The Making Of… The Digital El Camino Real
Traverse the 600-mile trail that connects California’s 21 missions. Peer behind an ornate mission altarpiece that, for more than two centuries, has hidden murals painted by the Ohlone Indians. Uncover the mysteries of Mission Dolores’ ancient cemetery.
Like Interstate 101
“Some people think the Camino Real means the Royal Road of Jesus in California,” says Andrew Galvan, curator of Mission Dolores, San Francisco. “No. It was the King’s Highway, the King of Spain’s highway.”
Mission Dolores, founded in 1776, is the oldest surviving structure in San Francisco and one of the first sites along the historic El Camino Real to be scanned and documented by CyArk.
“If you step out the front door of Mission Dolores you are on the El Camino Real,“ says Andrew. “It was a public road, like Interstate 101. All the California Missions are connected. Wherever you got on it, the road led you to the Viceroy’s Palace in Mexico City.”
CyArk’s Laser Scanning Mission
CyArk has digitally preserved over 70 sites around the world from Pompeii in Italy, to Tikal in Guatemala.
“We use a 3 D laser scanner that sends out a pulsed laser beam and captures billions of points of these structures at a rate of about 100,000 points a second,” explains Elizabeth Lee who directs operations at CyArk. These sites are at risk, endangered due to everyday exposure to the elements, vandalism, war, urbanization, poorly managed tourism, catastrophic events, and general neglect.
The non profit organization was founded in 2003 by Ben and Barbara Kacyra after they sold their technology company that had developed the first fully integrated laser 3D imaging, mapping, modeling, and CAD system which is currently used worldwide in architecture, engineering and construction, entertainment and crime forensics.
“It was right at the time that the Bamiyam Buddhas were blown up by the Taliban,” remembers Barbara Kacyra. “There was no 3 dimensional documentation of them. We said, ‘How can we use this technology to help architects, archaeologists, and preservationists get better tools than tape measures and a clip boards and a pencils to go in and document these heritage sites.”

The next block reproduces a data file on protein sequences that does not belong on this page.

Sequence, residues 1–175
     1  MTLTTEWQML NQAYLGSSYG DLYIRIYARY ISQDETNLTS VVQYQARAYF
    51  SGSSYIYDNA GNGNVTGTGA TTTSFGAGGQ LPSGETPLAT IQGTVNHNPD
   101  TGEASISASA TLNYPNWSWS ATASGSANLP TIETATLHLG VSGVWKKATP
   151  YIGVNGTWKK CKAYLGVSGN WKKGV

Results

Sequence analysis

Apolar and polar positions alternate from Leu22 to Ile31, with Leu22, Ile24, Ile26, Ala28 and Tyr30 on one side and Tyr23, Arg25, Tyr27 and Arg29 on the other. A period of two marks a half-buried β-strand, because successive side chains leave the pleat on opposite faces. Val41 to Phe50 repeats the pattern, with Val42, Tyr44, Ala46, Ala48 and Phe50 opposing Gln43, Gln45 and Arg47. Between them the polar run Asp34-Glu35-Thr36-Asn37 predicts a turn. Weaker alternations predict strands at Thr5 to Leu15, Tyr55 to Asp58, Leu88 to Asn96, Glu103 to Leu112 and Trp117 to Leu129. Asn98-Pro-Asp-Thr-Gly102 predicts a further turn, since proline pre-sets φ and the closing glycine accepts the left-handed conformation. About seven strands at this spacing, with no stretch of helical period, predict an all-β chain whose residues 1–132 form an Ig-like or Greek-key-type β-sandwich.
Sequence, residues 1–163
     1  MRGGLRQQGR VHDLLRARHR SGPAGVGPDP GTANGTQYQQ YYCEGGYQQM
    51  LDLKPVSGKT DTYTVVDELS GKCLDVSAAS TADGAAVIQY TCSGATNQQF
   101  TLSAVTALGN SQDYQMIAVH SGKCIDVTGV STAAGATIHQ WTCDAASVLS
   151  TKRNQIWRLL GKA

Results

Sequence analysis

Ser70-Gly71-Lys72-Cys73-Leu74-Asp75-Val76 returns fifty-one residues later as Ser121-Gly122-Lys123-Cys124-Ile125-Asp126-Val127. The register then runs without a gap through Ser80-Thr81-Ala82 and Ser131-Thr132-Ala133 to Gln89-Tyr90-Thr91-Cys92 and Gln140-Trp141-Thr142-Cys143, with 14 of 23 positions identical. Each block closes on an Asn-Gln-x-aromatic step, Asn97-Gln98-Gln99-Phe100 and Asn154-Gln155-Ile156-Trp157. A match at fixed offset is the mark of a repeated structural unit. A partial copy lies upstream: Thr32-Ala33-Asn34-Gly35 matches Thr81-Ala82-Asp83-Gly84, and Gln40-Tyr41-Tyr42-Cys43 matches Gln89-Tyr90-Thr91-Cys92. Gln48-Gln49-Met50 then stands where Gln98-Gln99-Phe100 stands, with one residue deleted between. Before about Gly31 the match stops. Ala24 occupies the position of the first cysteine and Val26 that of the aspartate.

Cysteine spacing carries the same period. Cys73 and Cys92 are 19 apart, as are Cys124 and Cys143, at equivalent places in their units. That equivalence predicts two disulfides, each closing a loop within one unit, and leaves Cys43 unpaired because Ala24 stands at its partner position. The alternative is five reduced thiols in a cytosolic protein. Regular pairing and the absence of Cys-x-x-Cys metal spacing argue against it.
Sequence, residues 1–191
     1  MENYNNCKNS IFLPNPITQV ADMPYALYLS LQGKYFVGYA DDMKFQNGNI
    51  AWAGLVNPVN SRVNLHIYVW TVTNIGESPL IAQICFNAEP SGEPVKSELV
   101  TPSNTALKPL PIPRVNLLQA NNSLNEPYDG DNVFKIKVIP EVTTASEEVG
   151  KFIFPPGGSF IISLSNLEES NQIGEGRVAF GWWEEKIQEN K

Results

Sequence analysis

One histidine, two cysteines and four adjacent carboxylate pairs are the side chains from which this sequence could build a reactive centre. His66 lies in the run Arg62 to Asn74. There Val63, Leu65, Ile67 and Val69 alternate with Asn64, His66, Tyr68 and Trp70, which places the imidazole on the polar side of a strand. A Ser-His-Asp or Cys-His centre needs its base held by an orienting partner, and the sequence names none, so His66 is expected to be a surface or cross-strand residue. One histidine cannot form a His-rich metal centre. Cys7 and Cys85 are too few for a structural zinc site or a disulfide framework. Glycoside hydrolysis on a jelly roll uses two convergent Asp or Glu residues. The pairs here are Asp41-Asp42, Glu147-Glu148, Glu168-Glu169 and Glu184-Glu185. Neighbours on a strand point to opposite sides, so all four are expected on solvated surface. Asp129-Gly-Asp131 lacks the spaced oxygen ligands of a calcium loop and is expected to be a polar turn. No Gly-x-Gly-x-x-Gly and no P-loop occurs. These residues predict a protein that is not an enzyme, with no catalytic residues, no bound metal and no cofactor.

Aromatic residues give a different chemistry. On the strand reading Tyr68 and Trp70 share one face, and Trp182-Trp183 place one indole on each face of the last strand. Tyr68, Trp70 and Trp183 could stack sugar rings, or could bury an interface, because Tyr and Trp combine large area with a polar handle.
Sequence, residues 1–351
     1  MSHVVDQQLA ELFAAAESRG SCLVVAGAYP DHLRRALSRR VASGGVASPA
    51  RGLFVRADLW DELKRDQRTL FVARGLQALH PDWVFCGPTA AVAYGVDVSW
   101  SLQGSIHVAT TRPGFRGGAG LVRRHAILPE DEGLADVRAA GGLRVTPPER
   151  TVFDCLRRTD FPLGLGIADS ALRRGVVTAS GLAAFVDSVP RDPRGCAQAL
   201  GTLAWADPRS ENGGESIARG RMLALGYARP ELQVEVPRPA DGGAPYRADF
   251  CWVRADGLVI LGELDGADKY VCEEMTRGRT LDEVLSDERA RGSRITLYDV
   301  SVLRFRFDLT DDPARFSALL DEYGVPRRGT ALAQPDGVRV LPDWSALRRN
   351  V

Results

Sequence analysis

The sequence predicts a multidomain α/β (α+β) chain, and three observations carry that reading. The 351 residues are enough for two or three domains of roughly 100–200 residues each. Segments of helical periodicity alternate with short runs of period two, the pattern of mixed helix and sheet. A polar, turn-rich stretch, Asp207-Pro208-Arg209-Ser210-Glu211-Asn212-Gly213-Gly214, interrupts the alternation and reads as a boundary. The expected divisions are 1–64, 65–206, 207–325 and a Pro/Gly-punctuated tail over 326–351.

Hidden Mural Revealed
Sometimes new things are revealed during the scanning process. At Mission Dolores, CyArk worked hard to get behind the very ornately carved reredos, a false wall in back of the altar that was made in Mexico and shipped to the Mission by boat in 1796. For more than 200 years, the reredos has obscured a mural that was painted by the Indians when the mission was completed in 1791.
“There’s about a two foot space behind the frame where the statues are today,” says Andrew. “Very few have ever been able to see what’s behind. Using fiber optics they’ll be able to get a little pin wheel and be able to photograph. Then you’ll be able to click on say Saint Joachim with your smart phone and boom! You’ll be able to see behind, floor to ceiling, the mural that the Indians painted here at Mission Dolores.
“It’s not about the sites themselves,” says Barbara Kacyra, “It’s really about the stories. Whether it was Manzanar or Angor Wat, or Pompeii. It’s about the humanness of these sites.”
The History of San Francisco
There are almost 6000 Indians buried in the Mission Dolores cemetery, relates Andy Galvan, whose relationship to the Mission is much more than Museum Curator. Andrew is an Ohlone Indian whose ancestors were some of the first people baptized, married and buried at the Mission Dolores.
“If you walk around and look at the gravemarkers you’re going to read the history of San Francisco,” he says. “The 21 California missions are cultural heritage sites. These are our monuments. The Digital El Camino Real is about digitally imagining, about preservation. But it’s also about interpretation. It’s about what happened at the California Missions.”